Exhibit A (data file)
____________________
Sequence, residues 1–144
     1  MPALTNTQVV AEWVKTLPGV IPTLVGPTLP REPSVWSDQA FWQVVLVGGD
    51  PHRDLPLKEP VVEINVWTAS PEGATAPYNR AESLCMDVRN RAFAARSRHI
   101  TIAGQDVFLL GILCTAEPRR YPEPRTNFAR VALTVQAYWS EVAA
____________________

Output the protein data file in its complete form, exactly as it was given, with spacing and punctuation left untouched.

Sequence, residues 1–144
     1  MPALTNTQVV AEWVKTLPGV IPTLVGPTLP REPSVWSDQA FWQVVLVGGD
    51  PHRDLPLKEP VVEINVWTAS PEGATAPYNR AESLCMDVRN RAFAARSRHI
   101  TIAGQDVFLL GILCTAEPRR YPEPRTNFAR VALTVQAYWS EVAA